But not like you think—the Griffith Observatory is the best free attraction in the city.
TRAVEL ADVISORY | It always surprises me when I hear that friends who’ve vacationed in Los Angeles multiple times haven’t ventured up Mount Hollywood to visit the Griffith Observatory, the most interesting FREE attraction in this town after the sun and the beach.
First there’s the iconic Art Deco structure itself (originally constructed in the 1930s, the building has been sensitively upgraded and expanded in recent years) prominently perched on a hillside where the panoramic views include the entire Los Angeles basin and the Hollywood Hills, home of the landmark Hollywood Sign.
Then there’s the content of the observatory that includes dozens of exceptional exhibits, and optical and solar telescopes that are available for public viewing each day and evening when skies are clear. “Roughly seven million people have looked at the sky through the observatory’s 12-inch Zeiss telescope, more than through any other telescope on Earth,” according to information on the official website, where you’ll also learn that “the triple-beam solar telescope is one of the largest such public instruments in the world.”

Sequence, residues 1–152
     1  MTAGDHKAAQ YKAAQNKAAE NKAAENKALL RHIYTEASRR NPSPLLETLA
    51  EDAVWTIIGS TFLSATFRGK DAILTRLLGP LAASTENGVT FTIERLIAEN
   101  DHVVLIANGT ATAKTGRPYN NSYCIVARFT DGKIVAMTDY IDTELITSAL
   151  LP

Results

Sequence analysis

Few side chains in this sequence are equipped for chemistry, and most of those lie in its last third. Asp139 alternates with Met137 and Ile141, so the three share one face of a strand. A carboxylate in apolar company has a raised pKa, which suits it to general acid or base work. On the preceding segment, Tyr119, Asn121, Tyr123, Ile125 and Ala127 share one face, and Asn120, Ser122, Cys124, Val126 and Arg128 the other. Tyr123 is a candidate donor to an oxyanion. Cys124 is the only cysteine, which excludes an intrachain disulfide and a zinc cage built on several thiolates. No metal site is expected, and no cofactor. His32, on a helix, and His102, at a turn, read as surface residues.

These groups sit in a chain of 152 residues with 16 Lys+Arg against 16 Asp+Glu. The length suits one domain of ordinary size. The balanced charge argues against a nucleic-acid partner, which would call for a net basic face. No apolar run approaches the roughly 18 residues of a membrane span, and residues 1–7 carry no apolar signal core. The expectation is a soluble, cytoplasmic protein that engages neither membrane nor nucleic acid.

Everything is free at the Griffith Observatory (including the parking, though you may have to wait for a spot) except for the planetarium shows, where the most expensive ticket is $7.
While the observatory has a perfectly acceptable café, if you’d prefer something truly special to eat, travel back down the mountain to the Trails Cafe just inside the park entrance. There you’ll find an ambience and fare worthy of a spread in Edible Selby (CLICK HERE for the pictorial feature New York Times: T magazine ran on the wee place last November). —Carolann